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For a two-sphere embedded in $\mathbb{R}^4$,how can you check whether or not there is an ambient isotopy to the "standard" 2-sphere (the set of points $(x,y,z,0)$ in $\mathbb{R}^4$ distance 1 from the origin)?

Knot theory was discussed in an intro topology course I took and I'm wondering about further generalizations of the concept. It seems to me that such "knotted" 2-spheres could be created by rotating a knotted arc about a plane in $\mathbb{R}^4$; and knotted tori by rotating a standard knot about a nonintersecting plane. However I cannot think of a way to show which of these constructions, if any, are indeed nonisotopic to their standard counterparts.

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The Alexander polynomial is one of the more interesting isotopy-invariants for co-dimension two embedded things in spheres. So it applies to both of the things you're interested in -- knotted $2$-spheres and tori in $S^4$. Take a look at Akio Kawauchi's Survey of Knot Theory, or Jonathan Hillman's Algebraic Invariants of Knots and Links for some details. The Alexander polynomials have more subtle, associated invariants like Tristram-Levine invariants and such, these are induced from Poincare duality.

The "rotating about a plane" construction you mention is called Artin spinning. It produces non-trivial knots for fairly simple reasons. Given a knot $K$ in $\mathbb S^3$, let $G$ be the fundamental group of its complement. Then if you do Artin spinning on $K$ to produce a knotted $S^2$ in $S^4$, call it $K'$, then the fundamental group of the complement of $K'$ is also isomorphic to $G$.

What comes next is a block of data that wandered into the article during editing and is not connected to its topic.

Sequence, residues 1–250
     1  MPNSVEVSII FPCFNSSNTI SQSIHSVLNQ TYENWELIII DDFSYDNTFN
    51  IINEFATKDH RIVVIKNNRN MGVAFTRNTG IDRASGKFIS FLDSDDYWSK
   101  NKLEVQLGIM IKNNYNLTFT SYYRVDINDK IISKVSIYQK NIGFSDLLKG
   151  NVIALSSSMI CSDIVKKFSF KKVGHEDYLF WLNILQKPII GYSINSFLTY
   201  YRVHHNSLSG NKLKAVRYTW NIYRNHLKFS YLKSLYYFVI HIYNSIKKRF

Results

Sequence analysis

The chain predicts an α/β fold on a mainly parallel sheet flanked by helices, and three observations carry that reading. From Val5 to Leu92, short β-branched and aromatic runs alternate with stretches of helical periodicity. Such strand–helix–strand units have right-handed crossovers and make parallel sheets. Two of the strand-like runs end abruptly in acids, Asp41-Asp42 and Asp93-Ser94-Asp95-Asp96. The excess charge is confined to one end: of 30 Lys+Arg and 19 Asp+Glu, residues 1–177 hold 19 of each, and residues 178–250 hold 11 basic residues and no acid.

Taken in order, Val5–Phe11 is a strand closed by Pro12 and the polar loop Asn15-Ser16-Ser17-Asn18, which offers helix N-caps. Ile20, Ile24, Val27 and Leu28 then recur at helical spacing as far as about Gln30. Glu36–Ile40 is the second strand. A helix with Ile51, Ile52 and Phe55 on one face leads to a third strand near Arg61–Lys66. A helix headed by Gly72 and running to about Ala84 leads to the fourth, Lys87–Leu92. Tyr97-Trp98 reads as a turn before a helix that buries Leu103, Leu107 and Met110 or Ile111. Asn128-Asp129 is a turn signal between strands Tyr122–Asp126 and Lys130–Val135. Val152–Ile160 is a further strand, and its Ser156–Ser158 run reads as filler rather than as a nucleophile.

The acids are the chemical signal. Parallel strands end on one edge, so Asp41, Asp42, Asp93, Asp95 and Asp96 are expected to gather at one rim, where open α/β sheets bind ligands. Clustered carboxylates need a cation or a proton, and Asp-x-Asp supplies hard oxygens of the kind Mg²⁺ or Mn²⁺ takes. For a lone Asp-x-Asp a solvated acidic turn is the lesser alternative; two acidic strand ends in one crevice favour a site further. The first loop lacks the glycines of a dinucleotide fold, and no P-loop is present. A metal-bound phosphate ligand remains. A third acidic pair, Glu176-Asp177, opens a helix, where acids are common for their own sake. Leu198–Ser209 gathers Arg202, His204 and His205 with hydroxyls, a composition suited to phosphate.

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Kawauchi's and Hillman's books are indeed good references. Many known knotted surfaces have non-trivial and easily computable fundamental groups. You should also look at R.H. Fox's "Quick Trip through Knot Theory," in Fort's Georgia Topology Conference Proceedings, republished by Dover. In addition, there are three books dedicated to studying knotted surfaces from a diagrammatic point of view. Kamada's book on Surface Braids published by the AMS, my book with Saito, "Knotted Surfaces and Their Diagrams," and my book with Kamada and Saito, "Surfaces in 4-space."

The quandle cocycle invariants discovered by Jelsovsky, Langford, Kamada, and me are known to be powerful invariants of knotted surfaces.

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